A MARYBOROUGH man was stunned when an Optus phone store refused to accept loose change when he tried to buy a $30 recharge card - but the store said it was its legal right to refuse to accept change if the amount exceeded $5.
Michael Clad, 57, went into Optus in Maryborough's Station Square to buy the recharge card and said he tried to use $1 and $2 coins to complete the purchase.
However Cara Swanney, regional manager at the Optus store, said Mr Clad had nothing higher than 20 cent pieces when he tried to make the purchase and he was politely informed the store did not have the space to keep the change.
Ms Swanney said the Optus store did not refuse Mr Clad service, but told him he would need to exchange the change at a bank or another business before coming back to buy the recharge card.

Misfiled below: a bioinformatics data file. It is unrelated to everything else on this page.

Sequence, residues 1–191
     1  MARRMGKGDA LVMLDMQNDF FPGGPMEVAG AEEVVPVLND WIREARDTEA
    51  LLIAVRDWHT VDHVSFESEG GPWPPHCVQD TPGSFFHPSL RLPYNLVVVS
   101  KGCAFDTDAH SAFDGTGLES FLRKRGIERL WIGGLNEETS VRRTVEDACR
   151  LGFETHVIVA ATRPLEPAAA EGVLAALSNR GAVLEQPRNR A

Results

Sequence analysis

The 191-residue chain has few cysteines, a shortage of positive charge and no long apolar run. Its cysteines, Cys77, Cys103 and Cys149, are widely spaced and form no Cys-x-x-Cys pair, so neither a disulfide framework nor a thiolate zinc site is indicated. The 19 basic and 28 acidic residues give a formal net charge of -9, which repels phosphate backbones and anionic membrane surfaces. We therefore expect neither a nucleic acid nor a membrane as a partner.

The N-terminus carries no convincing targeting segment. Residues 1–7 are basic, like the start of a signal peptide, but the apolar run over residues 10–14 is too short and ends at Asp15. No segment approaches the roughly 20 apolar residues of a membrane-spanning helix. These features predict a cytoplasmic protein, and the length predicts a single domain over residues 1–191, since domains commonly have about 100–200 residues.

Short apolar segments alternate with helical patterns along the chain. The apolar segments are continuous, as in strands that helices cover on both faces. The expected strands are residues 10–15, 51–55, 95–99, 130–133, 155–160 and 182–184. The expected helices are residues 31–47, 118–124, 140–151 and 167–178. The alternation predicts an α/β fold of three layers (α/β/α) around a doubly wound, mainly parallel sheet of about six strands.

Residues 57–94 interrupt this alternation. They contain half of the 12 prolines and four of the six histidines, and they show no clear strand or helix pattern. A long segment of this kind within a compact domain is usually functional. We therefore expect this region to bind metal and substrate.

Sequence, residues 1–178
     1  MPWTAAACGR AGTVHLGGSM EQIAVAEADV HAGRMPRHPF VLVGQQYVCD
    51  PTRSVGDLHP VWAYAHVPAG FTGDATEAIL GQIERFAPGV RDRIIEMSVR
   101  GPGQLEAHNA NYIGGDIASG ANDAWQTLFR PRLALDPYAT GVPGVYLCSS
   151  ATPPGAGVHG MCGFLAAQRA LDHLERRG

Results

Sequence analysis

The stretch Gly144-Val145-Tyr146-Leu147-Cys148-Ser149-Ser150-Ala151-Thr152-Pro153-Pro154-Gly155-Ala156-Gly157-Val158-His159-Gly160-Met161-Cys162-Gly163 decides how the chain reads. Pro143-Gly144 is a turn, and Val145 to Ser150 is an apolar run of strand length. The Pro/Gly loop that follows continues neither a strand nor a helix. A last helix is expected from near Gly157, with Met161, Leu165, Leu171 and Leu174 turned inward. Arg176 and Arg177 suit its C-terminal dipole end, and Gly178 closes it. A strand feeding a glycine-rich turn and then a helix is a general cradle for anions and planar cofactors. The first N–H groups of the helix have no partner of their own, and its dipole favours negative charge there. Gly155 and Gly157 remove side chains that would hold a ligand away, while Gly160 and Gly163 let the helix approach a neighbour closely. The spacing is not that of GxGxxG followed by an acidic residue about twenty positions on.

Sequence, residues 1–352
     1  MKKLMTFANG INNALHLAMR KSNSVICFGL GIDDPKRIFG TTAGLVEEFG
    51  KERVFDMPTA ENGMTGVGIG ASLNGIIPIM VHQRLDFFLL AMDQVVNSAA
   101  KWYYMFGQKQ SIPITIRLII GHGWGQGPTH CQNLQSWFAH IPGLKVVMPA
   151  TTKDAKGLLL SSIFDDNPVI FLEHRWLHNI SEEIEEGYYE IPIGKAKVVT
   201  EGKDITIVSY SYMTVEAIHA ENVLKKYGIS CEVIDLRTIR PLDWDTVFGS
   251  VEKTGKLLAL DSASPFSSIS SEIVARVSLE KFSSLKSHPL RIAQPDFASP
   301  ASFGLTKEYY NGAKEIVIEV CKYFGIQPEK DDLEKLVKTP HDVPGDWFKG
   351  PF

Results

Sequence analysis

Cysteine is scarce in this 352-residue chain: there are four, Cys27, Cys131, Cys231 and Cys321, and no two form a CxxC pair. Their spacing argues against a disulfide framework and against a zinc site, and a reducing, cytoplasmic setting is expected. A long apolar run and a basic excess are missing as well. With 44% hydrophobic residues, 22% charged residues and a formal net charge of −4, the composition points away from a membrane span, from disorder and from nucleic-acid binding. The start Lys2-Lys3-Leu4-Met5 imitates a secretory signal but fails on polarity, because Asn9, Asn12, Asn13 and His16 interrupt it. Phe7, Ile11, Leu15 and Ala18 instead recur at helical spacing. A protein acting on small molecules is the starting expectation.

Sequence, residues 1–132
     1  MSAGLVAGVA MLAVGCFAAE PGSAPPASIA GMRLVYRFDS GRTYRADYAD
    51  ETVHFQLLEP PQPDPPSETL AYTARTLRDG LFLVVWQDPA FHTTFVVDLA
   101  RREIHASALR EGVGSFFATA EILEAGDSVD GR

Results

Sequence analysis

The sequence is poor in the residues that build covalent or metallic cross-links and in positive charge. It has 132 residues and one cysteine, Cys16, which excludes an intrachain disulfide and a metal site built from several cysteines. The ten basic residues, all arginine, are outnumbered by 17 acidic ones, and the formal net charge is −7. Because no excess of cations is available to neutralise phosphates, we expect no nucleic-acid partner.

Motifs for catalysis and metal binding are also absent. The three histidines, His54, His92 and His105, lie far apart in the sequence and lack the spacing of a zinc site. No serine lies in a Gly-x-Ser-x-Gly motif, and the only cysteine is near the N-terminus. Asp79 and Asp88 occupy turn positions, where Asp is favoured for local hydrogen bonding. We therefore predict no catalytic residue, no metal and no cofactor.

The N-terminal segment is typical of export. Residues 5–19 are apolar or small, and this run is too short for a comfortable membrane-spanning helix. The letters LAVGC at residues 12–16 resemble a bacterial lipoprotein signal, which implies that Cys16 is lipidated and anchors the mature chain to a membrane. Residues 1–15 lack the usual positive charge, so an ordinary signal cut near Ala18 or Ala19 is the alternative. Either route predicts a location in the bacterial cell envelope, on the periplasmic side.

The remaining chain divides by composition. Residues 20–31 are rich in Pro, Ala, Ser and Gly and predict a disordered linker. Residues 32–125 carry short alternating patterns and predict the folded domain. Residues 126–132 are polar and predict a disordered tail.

"We just can't do it," Ms Swanney said.
She said she understood where Mr Clad was coming from, but that didn't change the space issue the store faced.
In the end Mr Clad used a $50 note to make his purchase but he said he was stunned that businesses could turn away legal tender.
"I could understand if it was five and ten cent pieces."
Mr Clad said he would not go back to the Optus store again.
"Not as long as my rear end points to the ground," he said.
He also wondered if the store would have refused his money if he had wanted to buy their most expensive phone in small change.
"They'd soon find space for that," he said.
According to the 1965 Commonwealth Currency Act, in the case of coins of denominations of five, ten, twenty or fifty cents, it is legal tender for a payment of an amount not exceeding $5.